City officials propose to form another outfit to fight blight – a Blighted and Vacant Properties Review Board (BAVPRB). A report to the Mayor and Board states the functions of the new board as:
(1) review at least quarterly the city’s Blighted Properties List to see if current anti-blight policies are working
(2) recommend particular additions to and subtractions from the blighted buildings (blighteds) List
(3) recommend extra properties for the List (overlaps with 2)
(4) review the status of any ‘condemned’ property and recommend ‘applicable strategies’
(5) get input from Neighborhood Advisory Councils (NACs) on additions and subtractions from the List
(6) monitor status of long vacant (>3 years) properties after a ‘methodology’ for such monitoring has been developed
(7) make timely recommendations to the Mayor and Board on strategies to reduce longterm vacant properties (vacants)
(8) report annually on longterm vacants
(9) the Board is said to “have the ability to take a comprehensive review” of blighteds and vacants and the trends and make recommendations on “a comprehensive approach.”
The Board of seven will include a residential and a commercial realtor, a real estate attorney, a non-profit banker, and two ordinary citizens.
Some vacants OK
Vacant buildings are not all bad. A certain inventory of vacant buildings is helpful in allowing occupants to have choice, competitive prices, and the opportunity to move in immediately – and therefore make an area attractive. Ready availability of building space can reduce the pressure to be rushed into a property buy and reduce business risk allowing prospective owners to shop around for financing. So vacants are, up to a point a positive, not necessarily a problem. But longterm vacancies suggests over-supply relative to demand.
Longterm vacants can and often do become blights.
Blights rightly a public issue
Blights are a pressing political issue because neighbors hate them, and rightly so. They ruin the look and the ambiance of places around them. They depress the livability and values of neighbors, whether businesses or residential. Casual walking shoppers will turn around if they come across blighted buildings adversely affecting businesses beyond. People living near blighted buildings feel ashamed of their surrounds and don’t invite friends and family to visit. And so they become isolated socially. Health and safety can be jeopardized by blights. They can attract vermin and vagrants.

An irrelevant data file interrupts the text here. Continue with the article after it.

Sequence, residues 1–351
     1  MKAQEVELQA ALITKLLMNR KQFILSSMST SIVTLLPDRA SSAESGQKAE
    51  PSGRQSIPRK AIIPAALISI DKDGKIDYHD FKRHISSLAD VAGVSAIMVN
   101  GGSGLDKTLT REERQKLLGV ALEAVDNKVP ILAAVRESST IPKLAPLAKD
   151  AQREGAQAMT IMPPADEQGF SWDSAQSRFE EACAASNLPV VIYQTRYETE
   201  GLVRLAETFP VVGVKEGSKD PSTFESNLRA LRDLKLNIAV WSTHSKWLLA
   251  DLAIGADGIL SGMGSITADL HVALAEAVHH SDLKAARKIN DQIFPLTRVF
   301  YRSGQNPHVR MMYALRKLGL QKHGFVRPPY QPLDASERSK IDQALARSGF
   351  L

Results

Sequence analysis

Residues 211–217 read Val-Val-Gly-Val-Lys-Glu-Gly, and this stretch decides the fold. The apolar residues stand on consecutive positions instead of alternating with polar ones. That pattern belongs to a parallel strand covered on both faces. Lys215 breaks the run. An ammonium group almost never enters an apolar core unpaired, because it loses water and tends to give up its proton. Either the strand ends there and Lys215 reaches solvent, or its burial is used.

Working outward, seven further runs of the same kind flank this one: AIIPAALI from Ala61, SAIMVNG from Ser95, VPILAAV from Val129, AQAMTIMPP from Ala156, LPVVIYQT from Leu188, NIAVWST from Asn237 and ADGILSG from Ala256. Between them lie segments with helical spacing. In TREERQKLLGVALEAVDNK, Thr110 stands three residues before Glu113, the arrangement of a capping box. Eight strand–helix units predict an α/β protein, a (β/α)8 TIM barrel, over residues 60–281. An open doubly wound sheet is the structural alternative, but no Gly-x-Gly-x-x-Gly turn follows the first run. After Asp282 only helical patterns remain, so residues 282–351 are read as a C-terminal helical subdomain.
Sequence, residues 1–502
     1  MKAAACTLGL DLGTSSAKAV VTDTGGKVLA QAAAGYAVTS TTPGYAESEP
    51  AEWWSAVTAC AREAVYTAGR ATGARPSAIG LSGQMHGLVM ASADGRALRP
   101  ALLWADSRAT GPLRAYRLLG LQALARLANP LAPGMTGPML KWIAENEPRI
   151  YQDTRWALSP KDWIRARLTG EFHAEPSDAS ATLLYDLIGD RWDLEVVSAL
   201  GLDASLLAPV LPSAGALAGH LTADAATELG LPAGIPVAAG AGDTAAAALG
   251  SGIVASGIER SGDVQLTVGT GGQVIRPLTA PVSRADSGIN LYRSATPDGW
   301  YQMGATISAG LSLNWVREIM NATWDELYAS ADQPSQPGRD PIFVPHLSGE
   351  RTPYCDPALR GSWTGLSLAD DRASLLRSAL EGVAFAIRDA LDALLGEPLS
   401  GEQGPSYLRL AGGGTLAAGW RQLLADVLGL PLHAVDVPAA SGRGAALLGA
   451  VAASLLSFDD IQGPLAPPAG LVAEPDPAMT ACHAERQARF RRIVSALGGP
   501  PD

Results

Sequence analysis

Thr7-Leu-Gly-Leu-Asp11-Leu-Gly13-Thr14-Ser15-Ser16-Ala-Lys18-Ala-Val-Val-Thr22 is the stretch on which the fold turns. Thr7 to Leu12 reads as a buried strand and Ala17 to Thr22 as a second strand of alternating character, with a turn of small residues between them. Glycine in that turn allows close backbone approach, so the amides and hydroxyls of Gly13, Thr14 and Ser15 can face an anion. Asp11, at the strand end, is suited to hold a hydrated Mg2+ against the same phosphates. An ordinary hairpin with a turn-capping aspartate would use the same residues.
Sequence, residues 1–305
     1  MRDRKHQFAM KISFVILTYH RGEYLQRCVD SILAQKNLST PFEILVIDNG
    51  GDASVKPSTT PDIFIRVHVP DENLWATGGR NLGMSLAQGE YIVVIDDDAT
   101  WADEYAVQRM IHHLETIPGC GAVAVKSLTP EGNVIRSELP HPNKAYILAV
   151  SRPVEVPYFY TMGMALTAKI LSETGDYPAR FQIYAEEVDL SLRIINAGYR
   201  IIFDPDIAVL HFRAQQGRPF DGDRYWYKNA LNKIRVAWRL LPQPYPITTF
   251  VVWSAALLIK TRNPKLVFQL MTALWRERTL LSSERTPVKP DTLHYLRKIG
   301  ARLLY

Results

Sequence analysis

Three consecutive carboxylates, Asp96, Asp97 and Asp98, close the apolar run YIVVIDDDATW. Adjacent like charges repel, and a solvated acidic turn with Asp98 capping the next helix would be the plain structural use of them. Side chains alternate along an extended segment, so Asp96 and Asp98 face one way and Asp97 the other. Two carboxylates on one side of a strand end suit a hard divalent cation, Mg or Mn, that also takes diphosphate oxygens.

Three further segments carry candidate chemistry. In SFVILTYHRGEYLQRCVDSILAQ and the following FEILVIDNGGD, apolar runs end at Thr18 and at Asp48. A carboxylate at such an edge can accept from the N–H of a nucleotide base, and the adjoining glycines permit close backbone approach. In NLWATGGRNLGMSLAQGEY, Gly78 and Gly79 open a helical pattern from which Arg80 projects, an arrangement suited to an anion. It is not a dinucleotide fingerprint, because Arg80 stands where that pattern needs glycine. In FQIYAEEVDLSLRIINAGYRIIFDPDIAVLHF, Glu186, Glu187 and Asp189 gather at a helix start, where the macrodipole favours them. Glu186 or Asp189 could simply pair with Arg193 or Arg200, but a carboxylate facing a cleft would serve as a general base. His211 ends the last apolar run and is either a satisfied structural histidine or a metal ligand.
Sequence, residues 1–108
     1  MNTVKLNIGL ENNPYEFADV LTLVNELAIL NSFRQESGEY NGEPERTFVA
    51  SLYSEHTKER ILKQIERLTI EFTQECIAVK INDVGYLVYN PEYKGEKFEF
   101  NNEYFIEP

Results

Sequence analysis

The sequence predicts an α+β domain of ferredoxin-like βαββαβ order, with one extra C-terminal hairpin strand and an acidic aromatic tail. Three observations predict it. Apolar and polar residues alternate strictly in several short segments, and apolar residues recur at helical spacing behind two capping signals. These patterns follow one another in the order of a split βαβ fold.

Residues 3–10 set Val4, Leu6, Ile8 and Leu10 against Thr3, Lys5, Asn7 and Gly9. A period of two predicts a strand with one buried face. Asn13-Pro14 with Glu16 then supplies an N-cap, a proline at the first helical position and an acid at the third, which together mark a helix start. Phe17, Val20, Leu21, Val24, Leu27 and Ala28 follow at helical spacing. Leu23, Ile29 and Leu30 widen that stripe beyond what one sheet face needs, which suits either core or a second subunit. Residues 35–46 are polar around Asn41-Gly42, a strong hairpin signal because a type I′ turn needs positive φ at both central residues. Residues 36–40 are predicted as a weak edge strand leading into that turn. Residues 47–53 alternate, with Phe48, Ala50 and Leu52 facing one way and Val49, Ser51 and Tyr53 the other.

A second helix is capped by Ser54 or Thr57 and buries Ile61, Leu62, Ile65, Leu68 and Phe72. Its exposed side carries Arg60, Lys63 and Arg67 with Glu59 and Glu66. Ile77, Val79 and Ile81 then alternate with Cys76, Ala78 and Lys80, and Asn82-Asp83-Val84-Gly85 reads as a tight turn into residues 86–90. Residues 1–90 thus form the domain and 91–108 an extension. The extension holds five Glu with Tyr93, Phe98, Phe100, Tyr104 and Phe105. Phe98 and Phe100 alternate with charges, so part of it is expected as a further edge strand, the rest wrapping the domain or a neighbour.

Like other issues that generate emotion blight is a great subject for people to pontificate and posture about.
Who is to blame? What to do?
Do something politicians must.
Here the city officials are establishing a new ‘review board.’ Looking at its functions listed above a lot of its activity will be refining existing the City lists of blights, perhaps making it more comprehensive and keeping it more up-to-date.
Measuring and documenting the what of the problem may be a necessary activity but it is not sufficient. That’s the What of the problem.
The why of the problem
The big issue is the Why of the problem. Why is there blight?
The City’s review board will bring new opinions on Why to the issue – board members themselves, and neighbors via the NACs. Notably absent from the list of opinions being sought are opinions of the owners of the blighted buildings. What do they say about why their buildings remain blighted. Why can’t they fix them up. Surely that’s important to getting a grasp on the Why of the problem.
An economics perspective
Buildings are usually blighted because the income they can generate after being fixed up is less than the cost of fixing them up – that’s simple and commonsense economics. As soon as there are activities, renters or buyers for blighted buildings which will generate income to cover the costs of de-blighting, then the blight will go away via rehabilitation or reuse.
So the review board would be useful if it could systematically address what needs to be done on the demand side and on the supply side to make de-blighting pay.